What Can I Learn From a Survey?
Updated: Mar 10, 2022
Surveys are great for collecting certain types of information that can help with decision-making. As you sit down to think through your data needs, consider some of the most common types of information that government agencies use surveys to collect:
Survey questions can help you understand your community’s past or current behaviors, and gain insight into future actions.
For example, if you wanted to get a sense of current transit use in your community you might ask: “Last year, how often did you ride the bus?” If your agency wants to anticipate future actions, you might ask: “What would make you more likely to ride public transportation?” and prompt respondents to select one option from a predefined list.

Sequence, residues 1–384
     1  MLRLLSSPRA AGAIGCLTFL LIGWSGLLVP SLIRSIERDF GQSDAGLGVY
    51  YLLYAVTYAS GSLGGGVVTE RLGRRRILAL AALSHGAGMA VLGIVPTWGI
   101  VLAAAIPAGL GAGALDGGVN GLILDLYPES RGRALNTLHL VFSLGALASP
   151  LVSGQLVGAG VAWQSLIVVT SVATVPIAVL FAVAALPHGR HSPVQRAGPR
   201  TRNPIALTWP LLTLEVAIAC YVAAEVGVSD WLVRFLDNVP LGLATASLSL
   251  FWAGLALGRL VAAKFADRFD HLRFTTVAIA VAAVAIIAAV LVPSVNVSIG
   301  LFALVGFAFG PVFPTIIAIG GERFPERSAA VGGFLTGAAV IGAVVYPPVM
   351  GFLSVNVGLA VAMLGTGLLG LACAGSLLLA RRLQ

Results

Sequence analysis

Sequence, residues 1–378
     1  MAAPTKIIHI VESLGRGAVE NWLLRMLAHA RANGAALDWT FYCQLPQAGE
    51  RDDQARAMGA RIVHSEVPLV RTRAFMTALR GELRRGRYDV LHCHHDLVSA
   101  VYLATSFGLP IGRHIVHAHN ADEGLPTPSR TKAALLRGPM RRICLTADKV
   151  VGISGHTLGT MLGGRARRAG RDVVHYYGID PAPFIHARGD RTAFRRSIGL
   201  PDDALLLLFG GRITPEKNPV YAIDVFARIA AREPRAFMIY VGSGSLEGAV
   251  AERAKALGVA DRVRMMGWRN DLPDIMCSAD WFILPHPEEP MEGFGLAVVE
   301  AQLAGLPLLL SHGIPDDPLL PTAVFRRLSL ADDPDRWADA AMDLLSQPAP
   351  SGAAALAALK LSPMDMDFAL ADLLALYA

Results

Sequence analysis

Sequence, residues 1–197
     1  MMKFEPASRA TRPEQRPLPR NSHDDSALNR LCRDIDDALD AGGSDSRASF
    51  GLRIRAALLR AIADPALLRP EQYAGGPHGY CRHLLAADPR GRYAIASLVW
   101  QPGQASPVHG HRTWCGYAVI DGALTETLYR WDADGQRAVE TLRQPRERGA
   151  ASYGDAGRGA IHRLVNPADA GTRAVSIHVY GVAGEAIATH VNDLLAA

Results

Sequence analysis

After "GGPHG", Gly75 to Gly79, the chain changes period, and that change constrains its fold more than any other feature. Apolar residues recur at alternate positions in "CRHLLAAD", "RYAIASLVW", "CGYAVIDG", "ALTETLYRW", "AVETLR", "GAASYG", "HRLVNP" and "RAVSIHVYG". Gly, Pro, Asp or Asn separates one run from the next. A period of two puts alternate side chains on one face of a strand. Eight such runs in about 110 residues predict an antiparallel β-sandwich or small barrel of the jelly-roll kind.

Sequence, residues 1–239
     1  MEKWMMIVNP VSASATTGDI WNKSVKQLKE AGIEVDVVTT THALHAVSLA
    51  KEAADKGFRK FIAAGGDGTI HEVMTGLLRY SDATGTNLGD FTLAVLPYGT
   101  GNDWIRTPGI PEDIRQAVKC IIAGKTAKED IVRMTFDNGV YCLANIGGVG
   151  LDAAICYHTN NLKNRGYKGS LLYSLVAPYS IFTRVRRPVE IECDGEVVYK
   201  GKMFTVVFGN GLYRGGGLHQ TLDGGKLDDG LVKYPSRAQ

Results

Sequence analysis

Collecting behavior information provides context for other responses participants may provide and can help you refine subsequent content so that you’re asking relevant questions. People who don’t use public transportation, for example, likely won’t answer more questions about bus stops or transit routes.
Keep in mind that while past behavior relies on memory to recall past actions, predictive behaviors are purely hypothetical. Someone’s best guess at what they might do doesn’t always translate into what actually happens.
Perceptions and Attitudes
Agencies often use surveys to collect subjective information about people’s perceptions or attitudes toward a topic or issue. Perceptions are how people make sense of something or what they believe. Attitudes are how people feel about something (positive or negative).